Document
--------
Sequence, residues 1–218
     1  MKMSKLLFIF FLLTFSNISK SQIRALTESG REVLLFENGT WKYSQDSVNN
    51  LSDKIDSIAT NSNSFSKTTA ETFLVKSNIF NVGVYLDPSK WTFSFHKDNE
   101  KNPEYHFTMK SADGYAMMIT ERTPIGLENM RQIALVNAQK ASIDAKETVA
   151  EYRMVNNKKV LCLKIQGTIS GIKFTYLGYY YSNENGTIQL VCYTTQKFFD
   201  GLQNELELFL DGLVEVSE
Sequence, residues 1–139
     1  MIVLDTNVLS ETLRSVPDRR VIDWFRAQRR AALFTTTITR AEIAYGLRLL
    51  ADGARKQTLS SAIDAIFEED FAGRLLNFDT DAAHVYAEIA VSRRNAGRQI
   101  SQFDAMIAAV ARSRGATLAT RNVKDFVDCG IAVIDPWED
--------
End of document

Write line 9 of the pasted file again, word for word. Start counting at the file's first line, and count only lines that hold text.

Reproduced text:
    51  ADGARKQTLS SAIDAIFEED FAGRLLNFDT DAAHVYAEIA VSRRNAGRQI